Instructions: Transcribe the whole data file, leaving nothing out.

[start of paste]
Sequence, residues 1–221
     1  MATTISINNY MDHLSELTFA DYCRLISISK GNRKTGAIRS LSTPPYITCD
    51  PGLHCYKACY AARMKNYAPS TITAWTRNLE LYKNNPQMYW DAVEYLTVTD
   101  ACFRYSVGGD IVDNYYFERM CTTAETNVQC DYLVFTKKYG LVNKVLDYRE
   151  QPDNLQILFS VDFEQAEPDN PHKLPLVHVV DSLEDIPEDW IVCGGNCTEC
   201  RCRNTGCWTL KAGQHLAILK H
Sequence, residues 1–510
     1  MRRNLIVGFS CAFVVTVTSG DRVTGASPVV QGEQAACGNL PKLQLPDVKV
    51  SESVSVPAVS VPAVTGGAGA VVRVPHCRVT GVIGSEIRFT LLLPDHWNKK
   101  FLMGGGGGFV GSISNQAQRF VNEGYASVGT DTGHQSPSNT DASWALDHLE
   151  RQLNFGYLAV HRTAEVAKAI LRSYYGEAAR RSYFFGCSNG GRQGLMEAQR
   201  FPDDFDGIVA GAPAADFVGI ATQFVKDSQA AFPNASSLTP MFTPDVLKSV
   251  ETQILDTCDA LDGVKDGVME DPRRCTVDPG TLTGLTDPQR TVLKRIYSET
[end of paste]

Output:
Sequence, residues 1–221
     1  MATTISINNY MDHLSELTFA DYCRLISISK GNRKTGAIRS LSTPPYITCD
    51  PGLHCYKACY AARMKNYAPS TITAWTRNLE LYKNNPQMYW DAVEYLTVTD
   101  ACFRYSVGGD IVDNYYFERM CTTAETNVQC DYLVFTKKYG LVNKVLDYRE
   151  QPDNLQILFS VDFEQAEPDN PHKLPLVHVV DSLEDIPEDW IVCGGNCTEC
   201  RCRNTGCWTL KAGQHLAILK H
Sequence, residues 1–510
     1  MRRNLIVGFS CAFVVTVTSG DRVTGASPVV QGEQAACGNL PKLQLPDVKV
    51  SESVSVPAVS VPAVTGGAGA VVRVPHCRVT GVIGSEIRFT LLLPDHWNKK
   101  FLMGGGGGFV GSISNQAQRF VNEGYASVGT DTGHQSPSNT DASWALDHLE
   151  RQLNFGYLAV HRTAEVAKAI LRSYYGEAAR RSYFFGCSNG GRQGLMEAQR
   201  FPDDFDGIVA GAPAADFVGI ATQFVKDSQA AFPNASSLTP MFTPDVLKSV
   251  ETQILDTCDA LDGVKDGVME DPRRCTVDPG TLTGLTDPQR TVLKRIYSET